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Variations in the structural and functional diversity of zooplankton over vertical and horizontal environmental gradients en route to the Arctic Ocean through the Fram Strait

Overview
TitleVariations in the structural and functional diversity of zooplankton over vertical and horizontal environmental gradients en route to the Arctic Ocean through the Fram Strait
AuthorsGluchowska M, Trudnowska E, Goszczko I, Kubiszyn AM, Blachowiak-Samolyk K, Walczowski W, Kwasniewski S
TypeJournal Article
Journal NamePloS one
Volume12
Issue2
Year2017
Page(s)e0171715
CitationGluchowska M, Trudnowska E, Goszczko I, Kubiszyn AM, Blachowiak-Samolyk K, Walczowski W, Kwasniewski S. Variations in the structural and functional diversity of zooplankton over vertical and horizontal environmental gradients en route to the Arctic Ocean through the Fram Strait. PloS one. 2017; 12(2):e0171715.

Abstract

<p>A multi-scale approach was used to evaluate which spatial gradient of environmental variability is the most important in structuring zooplankton diversity in the West Spitsbergen Current (WSC). The WSC is the main conveyor of warm and biologically rich Atlantic water to the Arctic Ocean through the Fram Strait. The data set included 85 stratified vertical zooplankton samples (obtained from depths up to 1000 metres) covering two latitudinal sections (76°30'N and 79°N) located across the multi-path WSC system. The results indicate that the most important environmental variables shaping the zooplankton structural and functional diversity and standing stock variability are those associated with depth, whereas variables acting in the horizontal dimension are of lesser importance. Multivariate analysis of the zooplankton assemblages, together with different univariate descriptors of zooplankton diversity, clearly illustrated the segregation of zooplankton taxa in the vertical plane. The epipelagic zone (upper 200 m) hosted plentiful, Oithona similis-dominated assemblages with a high proportion of filter-feeding zooplankton. Although total zooplankton abundance declined in the mesopelagic zone (200-1000 m), zooplankton assemblages in that zone were more diverse and more evenly distributed, with high contributions from both herbivorous and carnivorous taxa. The vertical distribution of integrated biomass (mg DW m-2) indicated that the total zooplankton biomass in the epipelagic and mesopelagic zones was comparable. Environmental gradients acting in the horizontal plane, such as the ones associated with different ice cover and timing of the spring bloom, were reflected in the latitudinal variability in protist community structure and probably caused differences in succession in the zooplankton community. High abundances of Calanus finmarchicus in the WSC core branch suggest the existence of mechanisms advantageous for higher productivity or/and responsible for physical concentration of zooplankton. Our results indicate that regional hydrography plays a primary role in shaping zooplankton variability in the WSC on the way to the Arctic Ocean, with additional effects caused by biological factors related to seasonality in pelagic ecosystem development, resulting in regional differences in food availability or biological production between the continental slope and the deep ocean regions.</p>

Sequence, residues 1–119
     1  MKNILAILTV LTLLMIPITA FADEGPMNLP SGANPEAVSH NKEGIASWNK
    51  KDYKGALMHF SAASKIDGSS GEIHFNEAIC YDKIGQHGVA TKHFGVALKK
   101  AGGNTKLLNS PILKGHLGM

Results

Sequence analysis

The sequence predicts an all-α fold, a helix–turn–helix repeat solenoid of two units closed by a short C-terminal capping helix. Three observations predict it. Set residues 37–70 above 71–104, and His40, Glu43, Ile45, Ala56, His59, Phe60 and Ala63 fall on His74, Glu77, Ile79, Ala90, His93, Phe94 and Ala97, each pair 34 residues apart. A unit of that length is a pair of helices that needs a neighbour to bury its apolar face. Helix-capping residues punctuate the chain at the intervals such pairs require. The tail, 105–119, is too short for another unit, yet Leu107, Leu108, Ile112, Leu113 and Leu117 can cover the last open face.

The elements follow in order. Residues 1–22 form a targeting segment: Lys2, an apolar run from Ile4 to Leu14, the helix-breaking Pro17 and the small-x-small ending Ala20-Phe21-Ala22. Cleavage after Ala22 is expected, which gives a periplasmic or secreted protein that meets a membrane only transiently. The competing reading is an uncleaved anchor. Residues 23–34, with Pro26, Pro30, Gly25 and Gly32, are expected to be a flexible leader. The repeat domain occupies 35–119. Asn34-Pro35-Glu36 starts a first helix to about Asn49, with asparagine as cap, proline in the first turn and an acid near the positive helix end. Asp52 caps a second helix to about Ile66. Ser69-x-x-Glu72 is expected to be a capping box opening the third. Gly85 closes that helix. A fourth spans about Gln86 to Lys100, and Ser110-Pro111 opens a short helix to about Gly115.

Properties
Additional details for this publication include:
Property NameValue
Journal CountryUnited States
Publication TypeJournal Article
Language Abbreng
LanguageEnglish
Elocation10.1371/journal.pone.0171715
DOI10.1371/journal.pone.0171715
Journal AbbreviationPLoS ONE
Publication Date2017
eISSN1932-6203
ISSN1932-6203
Publication ModelElectronic-eCollection
Cross References
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DatabaseAccession
PMID: PubMedPMID:28178320